One thing that slipped a bit under the radar last week was the arrival of Intel's new line of Core-B processors. These chips are named like and perform similar to the desktop processors the names are based on. The key difference is that the Core-B line uses BGA packaging, which means they'll primarily be adopted by All-in-One PCs.
The goal of the Core-B line, as we were told, is to offer embedded versions of desktop processors for AIO-type form factors with a lower z-height, enabling a more streamlined and premium design for integrated desktops. In the past this segment was supplied by Core-H or socketed Core-S processors. It is a little strange though – Intel’s own processor model tracking system, ARK, has a field for ‘embedded options available’ with the desktop processors, suggesting that they could have just said ‘yes’ and kept the name the same. But on a positive side, we can now identify which AIOs are using socketed parts compared to those using embedded parts, identified by the Core-B CPUs.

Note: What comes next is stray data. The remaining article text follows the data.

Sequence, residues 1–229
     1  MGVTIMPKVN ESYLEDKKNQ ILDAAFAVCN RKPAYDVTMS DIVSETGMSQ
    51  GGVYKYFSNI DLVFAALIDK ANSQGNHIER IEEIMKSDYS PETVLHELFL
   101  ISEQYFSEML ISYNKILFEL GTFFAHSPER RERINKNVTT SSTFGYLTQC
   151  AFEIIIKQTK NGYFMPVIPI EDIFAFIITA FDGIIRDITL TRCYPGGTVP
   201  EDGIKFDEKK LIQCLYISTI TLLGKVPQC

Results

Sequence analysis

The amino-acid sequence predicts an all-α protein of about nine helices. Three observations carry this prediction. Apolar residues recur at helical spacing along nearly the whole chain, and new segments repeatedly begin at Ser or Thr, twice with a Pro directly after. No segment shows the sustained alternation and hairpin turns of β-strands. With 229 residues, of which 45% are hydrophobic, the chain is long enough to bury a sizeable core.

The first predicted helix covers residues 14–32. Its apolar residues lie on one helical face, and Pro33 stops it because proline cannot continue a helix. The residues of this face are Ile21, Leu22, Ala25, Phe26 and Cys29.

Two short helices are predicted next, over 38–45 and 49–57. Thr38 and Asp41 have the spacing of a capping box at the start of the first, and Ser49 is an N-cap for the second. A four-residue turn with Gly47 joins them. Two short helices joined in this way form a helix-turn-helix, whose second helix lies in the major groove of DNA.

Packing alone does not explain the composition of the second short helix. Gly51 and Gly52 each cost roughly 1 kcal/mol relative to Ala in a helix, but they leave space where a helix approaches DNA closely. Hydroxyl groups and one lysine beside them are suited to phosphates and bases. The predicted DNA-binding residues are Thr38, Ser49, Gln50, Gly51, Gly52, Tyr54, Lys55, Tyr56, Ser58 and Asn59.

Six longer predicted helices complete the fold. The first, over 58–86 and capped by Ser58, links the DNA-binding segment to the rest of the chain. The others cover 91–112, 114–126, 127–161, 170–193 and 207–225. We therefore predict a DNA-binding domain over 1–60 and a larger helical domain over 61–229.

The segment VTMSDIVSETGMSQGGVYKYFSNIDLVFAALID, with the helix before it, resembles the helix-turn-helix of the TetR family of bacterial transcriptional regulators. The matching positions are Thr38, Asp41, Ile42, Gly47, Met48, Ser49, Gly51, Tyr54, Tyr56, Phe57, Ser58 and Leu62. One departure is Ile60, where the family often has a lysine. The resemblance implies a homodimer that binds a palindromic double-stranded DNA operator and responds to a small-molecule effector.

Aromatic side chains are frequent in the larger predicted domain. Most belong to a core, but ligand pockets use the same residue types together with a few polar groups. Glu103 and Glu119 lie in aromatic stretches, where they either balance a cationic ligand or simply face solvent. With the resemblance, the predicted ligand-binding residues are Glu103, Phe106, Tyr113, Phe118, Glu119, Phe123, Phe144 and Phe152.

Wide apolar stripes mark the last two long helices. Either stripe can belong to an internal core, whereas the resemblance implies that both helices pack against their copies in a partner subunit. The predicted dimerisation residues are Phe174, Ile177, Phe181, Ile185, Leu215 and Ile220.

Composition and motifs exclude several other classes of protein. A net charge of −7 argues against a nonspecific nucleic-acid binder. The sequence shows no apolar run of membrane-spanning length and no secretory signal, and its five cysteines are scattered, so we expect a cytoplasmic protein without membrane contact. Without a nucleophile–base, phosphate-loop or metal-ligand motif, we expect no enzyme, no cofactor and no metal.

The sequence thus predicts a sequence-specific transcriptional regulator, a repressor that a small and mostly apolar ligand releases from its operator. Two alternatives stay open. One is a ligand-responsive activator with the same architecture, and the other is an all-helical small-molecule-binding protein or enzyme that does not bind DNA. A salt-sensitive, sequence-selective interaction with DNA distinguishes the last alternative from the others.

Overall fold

The first Core-B series has just three 65W TDP parts; the Core i7-8700B, Core i5-8500B, and Core i5-8400B. The specifications of these parts are identical to the Coffee Lake-S desktop counterparts. The actual performance may be a lower though, due to a less favorable thermal profile.